Antarctic ice shelves – the hidden villain

Sea ice and ice shelves

What is sea ice? Sea ice is frozen sea water; it perennially expands and contracts during each year’s winter and summer. Amongst the sea ice are icebergs calved from tidewater glaciers and ice shelves. Melting sea ice does not contribute directly to sea level rise (ice floats and displaces the same volume of water), but sea ice is important because it enhances climate warming. It changes the reflectivity of the sea water, reflecting lots of sunlight back (it has a high albedo), and is therefore an important component of the climate and cryospheric (icey) system.
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Arctic Sea Ice

The Arctic’s sea ice extent reached an all-time low in September 2012, with the smallest recorded extent since satellite observations began. At 3.42 million square kilometres, it may still sound large, but this small extent of Arctic sea ice could have profound long-term consequences, and it follows a long trend of low sea ice conditions. Sea ice extent has been decreasing over the past 4-5 decades (Kinnard et al., 2011), and sea ice extent is now about 2 million square kilometres less than it was during the late twentieth century. Continue reading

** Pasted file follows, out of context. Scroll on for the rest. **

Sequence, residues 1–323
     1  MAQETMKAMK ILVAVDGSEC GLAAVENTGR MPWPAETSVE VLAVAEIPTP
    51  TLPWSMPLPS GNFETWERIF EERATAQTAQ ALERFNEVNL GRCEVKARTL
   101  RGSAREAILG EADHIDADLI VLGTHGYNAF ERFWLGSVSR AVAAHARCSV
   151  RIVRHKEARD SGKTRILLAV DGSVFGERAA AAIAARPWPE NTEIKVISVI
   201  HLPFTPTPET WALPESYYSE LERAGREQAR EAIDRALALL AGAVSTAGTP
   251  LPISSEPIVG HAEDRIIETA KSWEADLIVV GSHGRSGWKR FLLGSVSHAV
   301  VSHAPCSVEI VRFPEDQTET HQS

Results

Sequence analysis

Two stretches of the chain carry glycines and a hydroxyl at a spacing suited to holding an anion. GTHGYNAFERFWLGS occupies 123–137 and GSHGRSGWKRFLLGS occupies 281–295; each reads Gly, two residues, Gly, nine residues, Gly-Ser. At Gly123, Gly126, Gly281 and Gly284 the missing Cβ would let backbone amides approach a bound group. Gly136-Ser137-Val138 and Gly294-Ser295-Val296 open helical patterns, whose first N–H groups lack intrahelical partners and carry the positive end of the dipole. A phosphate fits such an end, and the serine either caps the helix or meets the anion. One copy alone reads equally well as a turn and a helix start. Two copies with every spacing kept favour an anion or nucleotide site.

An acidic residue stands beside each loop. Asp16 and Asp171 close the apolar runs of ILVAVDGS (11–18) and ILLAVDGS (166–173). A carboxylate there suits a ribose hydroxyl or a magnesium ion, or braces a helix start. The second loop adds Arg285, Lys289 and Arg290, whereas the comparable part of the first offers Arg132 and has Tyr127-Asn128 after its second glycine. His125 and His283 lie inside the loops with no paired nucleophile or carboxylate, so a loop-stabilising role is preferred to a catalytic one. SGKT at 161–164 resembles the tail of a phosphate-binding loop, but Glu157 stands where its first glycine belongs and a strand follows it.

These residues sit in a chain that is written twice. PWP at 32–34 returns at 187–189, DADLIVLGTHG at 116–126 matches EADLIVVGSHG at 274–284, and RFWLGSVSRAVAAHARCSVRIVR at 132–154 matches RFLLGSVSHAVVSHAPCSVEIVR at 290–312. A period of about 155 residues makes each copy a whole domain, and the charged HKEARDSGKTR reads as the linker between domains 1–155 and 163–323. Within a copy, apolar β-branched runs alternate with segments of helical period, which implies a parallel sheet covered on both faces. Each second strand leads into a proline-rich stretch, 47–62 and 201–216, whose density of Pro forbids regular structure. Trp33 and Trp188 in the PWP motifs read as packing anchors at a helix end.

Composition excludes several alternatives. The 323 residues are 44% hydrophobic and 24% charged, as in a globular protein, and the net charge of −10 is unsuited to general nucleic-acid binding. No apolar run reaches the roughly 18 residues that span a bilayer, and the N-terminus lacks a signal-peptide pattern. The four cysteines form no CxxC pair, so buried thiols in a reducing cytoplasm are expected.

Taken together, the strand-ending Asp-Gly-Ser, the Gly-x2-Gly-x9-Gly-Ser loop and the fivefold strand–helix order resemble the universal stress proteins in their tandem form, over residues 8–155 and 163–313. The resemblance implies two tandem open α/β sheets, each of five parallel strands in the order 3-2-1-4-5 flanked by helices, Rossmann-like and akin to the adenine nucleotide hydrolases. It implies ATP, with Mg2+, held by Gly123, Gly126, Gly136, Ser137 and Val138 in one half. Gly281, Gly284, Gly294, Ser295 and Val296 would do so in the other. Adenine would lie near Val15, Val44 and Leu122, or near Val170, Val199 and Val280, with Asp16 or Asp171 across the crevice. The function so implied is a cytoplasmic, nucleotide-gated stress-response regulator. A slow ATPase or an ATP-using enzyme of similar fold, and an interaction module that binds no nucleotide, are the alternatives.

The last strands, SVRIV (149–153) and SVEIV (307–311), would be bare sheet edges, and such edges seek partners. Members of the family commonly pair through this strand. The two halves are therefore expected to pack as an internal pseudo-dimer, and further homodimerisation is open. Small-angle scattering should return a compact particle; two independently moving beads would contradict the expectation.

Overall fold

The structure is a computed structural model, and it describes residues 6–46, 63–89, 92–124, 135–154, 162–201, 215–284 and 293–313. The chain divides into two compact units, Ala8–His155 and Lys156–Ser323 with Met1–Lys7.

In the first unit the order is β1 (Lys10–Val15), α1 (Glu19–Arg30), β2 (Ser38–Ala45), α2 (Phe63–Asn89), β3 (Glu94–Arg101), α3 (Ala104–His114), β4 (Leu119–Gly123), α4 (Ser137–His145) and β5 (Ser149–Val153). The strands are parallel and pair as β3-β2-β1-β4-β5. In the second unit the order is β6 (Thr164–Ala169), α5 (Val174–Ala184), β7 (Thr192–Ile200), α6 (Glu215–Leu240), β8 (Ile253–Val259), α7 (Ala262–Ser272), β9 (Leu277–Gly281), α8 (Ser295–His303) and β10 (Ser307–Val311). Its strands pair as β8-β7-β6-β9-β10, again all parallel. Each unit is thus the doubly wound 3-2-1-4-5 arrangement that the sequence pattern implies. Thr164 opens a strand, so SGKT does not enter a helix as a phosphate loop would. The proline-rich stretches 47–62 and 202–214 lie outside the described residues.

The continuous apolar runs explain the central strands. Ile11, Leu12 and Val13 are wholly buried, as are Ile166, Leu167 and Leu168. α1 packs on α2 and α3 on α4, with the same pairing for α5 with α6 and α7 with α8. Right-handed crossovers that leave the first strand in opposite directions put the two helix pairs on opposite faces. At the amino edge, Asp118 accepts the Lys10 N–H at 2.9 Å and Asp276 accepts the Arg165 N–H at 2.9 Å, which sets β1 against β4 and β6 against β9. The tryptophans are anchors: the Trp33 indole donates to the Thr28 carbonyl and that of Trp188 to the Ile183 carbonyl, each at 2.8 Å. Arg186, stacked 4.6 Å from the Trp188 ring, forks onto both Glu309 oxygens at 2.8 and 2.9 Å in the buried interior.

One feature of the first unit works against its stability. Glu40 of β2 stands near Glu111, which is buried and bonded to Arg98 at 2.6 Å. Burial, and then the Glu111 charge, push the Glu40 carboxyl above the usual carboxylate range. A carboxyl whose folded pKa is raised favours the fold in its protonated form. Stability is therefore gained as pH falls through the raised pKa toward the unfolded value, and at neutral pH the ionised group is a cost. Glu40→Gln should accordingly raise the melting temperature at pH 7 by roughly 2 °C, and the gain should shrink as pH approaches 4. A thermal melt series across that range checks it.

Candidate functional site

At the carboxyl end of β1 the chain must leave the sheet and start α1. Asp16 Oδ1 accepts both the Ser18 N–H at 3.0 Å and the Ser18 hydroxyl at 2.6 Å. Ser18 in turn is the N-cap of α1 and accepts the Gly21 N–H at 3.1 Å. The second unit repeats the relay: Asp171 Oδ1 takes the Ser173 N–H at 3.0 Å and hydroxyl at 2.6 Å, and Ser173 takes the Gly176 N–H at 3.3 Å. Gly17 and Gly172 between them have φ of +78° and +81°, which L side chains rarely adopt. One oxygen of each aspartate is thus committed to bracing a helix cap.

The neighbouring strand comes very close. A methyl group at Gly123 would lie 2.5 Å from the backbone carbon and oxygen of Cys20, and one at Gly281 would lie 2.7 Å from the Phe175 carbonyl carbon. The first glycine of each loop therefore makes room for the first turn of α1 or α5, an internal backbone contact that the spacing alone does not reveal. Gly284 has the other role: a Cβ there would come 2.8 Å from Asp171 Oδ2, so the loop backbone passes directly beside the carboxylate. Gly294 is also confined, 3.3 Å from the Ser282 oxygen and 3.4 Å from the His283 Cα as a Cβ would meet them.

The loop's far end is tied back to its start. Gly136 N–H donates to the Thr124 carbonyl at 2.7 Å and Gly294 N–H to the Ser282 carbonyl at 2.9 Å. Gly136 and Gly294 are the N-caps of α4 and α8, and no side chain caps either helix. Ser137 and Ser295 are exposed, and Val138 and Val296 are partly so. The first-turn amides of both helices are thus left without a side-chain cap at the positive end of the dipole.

Climate Change Sceptics

Proving Climate Change

When reading the New Scientists’ focus on Climate Change, I was struck by the number of comments along the lines of, ‘This is theory, we won’t believe it until you prove it’. Two things came to my attention. Firstly, that climate change has been accorded almost myth or religious-like status, and has become something that you can either ‘believe’ or ‘disbelieve’. Secondly, that many people are profoundly naive about the way in which science works. And so I was motivated to write a brief piece about scientific research design. Stay with me now – I’ll make it as interesting as possible! Continue reading